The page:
There are several electronic articles on the construction of fuel flow meters for cars and the general conclusion is that accuracy is not high.
So much so that it is considered better to measure the injector pulse width
and duty cycle and as fuel pressure is regulated , to derive a fuel use measurement.
Compare this to a single weight measurement which relies only on the accuracy of the measuring device.
My key point is really that a simple $20 device can quickly make a practical measurement - whereas to measure the liquid volume of odd containers is just not practical and even less practical if in plastic containers whose volumne varies with temperature.
Follow Up By: The Landy - Thursday, Aug 25, 2011 at 15:45
Thursday, Aug 25, 2011 at 15:45
Whilst you might be able to weigh your jerry cans to get a calculation of how many litres are left in them, or how much you placed in the car’s tanks, it is only part of the equation. Your theory is flawed because you are unable to measure the weight of the fuel in the car’s fuel tanks, well at least I’m assuming you can’t. Therefore you can’t determine how many litres are left in the tank, surely an important consideration.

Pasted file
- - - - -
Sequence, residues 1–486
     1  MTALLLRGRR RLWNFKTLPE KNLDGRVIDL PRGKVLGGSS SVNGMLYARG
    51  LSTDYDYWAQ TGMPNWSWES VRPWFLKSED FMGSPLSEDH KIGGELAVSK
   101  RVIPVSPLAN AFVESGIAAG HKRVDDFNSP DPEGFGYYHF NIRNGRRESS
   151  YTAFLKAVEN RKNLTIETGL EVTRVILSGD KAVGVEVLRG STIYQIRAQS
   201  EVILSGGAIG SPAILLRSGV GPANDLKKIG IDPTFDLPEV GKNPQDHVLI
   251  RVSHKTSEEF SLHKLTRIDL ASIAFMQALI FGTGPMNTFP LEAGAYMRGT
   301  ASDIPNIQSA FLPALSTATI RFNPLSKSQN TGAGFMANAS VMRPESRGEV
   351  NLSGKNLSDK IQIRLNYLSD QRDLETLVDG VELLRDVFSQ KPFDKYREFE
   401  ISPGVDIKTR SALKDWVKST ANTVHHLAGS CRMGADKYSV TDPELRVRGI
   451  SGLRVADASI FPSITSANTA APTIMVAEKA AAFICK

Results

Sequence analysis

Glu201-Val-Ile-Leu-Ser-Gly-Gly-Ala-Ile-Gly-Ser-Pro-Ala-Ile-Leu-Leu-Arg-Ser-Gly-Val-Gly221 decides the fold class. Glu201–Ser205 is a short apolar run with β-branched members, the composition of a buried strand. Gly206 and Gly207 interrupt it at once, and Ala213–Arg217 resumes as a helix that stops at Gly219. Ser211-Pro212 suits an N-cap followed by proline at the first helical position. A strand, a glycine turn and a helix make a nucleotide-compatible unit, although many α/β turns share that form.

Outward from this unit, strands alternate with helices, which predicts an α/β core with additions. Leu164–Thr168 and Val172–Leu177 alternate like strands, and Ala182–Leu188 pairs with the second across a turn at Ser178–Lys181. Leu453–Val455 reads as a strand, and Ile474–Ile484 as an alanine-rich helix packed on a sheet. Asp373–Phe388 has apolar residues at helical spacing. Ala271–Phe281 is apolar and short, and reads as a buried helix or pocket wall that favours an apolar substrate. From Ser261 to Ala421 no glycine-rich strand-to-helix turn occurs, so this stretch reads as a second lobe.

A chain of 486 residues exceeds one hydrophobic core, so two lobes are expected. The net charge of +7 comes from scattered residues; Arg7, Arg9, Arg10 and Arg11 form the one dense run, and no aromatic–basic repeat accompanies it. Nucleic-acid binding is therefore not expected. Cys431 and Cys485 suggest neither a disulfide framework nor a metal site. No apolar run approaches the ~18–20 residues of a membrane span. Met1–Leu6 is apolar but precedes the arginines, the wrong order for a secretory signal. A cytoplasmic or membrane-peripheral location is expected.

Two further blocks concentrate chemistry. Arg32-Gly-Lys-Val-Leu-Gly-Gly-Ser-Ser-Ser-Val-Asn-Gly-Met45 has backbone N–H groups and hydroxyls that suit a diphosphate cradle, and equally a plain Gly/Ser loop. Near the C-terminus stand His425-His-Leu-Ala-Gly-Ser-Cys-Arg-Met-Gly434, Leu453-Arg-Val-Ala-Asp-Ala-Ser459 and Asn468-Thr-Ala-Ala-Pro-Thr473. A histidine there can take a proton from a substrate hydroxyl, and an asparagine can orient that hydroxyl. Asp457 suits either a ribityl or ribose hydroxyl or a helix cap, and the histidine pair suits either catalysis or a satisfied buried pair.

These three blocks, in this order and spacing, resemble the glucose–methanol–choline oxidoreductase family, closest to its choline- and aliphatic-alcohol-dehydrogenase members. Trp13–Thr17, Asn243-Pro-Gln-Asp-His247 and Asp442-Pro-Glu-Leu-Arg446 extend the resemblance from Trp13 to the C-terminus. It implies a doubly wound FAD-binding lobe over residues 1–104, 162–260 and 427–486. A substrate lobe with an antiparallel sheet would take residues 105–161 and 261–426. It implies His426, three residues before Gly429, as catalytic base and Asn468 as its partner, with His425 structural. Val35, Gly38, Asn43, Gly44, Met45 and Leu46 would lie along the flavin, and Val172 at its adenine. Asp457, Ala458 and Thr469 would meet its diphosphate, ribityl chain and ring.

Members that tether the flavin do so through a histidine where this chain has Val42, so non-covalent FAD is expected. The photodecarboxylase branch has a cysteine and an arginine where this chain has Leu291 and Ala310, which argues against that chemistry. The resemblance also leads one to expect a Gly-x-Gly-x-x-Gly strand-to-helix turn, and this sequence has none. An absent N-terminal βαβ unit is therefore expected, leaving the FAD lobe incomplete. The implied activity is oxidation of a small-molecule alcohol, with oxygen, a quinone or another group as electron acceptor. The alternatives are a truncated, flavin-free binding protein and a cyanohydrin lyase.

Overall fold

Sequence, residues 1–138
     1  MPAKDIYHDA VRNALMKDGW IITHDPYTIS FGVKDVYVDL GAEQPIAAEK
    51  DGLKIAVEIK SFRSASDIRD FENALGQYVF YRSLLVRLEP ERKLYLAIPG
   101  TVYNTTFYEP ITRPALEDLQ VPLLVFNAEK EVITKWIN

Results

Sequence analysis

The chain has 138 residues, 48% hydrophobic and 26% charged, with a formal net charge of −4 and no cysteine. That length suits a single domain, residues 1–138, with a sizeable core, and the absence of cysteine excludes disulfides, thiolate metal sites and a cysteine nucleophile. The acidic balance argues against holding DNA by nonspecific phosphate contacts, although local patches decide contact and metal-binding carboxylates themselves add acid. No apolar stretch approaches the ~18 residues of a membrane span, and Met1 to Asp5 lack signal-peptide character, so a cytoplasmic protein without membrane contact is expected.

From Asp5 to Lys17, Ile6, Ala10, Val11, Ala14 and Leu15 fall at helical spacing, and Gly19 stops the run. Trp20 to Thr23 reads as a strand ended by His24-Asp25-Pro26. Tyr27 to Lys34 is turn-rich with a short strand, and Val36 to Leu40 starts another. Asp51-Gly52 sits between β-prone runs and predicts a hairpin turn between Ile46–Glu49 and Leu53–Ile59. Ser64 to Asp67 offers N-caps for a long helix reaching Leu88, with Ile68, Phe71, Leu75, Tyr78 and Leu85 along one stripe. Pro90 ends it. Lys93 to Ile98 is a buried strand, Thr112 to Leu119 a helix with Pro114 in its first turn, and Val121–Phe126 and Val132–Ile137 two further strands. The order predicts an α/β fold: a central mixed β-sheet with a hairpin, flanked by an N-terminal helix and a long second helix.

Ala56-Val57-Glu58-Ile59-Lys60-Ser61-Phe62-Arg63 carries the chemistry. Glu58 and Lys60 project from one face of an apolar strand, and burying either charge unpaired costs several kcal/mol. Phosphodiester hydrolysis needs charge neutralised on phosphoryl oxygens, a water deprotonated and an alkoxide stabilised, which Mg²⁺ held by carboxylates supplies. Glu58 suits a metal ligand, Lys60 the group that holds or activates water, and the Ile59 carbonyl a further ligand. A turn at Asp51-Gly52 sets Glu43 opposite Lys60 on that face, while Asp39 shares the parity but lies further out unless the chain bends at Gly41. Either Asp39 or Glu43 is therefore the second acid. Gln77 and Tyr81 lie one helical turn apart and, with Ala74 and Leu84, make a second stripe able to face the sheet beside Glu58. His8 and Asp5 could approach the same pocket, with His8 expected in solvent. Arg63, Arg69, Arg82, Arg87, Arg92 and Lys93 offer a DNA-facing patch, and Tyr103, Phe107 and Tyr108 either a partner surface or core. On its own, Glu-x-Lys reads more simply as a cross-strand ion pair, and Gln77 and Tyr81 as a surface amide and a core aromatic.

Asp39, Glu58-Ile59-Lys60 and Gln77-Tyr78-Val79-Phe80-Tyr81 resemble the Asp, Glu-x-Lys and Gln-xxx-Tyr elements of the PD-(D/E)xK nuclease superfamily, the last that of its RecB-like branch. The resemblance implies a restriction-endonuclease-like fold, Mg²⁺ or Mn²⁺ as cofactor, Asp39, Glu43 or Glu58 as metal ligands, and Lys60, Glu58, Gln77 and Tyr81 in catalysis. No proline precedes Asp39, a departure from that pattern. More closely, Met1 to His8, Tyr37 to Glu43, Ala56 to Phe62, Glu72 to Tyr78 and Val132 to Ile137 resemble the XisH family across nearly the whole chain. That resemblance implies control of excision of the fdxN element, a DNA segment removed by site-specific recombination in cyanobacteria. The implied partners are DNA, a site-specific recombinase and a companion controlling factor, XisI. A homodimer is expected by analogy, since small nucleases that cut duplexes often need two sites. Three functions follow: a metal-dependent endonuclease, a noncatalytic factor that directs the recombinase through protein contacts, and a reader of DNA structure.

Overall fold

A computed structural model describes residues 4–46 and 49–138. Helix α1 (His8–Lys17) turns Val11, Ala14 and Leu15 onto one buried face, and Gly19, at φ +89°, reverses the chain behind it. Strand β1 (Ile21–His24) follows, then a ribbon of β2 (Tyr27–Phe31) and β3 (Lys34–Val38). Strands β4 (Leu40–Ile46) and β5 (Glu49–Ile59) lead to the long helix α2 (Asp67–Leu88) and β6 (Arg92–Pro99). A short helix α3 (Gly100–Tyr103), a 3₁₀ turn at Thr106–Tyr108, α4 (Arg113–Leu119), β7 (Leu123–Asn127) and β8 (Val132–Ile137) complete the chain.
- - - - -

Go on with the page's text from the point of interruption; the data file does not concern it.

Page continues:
If you could do this then we would have a clear discussion point...
If you are concerned about getting the exact amount of fuel remaining in a jerry can, save yourself the hassle of lifting, weighing and making a conversion calculation. You simply take a wooden broom-handle, start with an empty jerry can, and measure off one litre increments into the jerry and mark a graduated scale on the broom-stick handle, works a treat...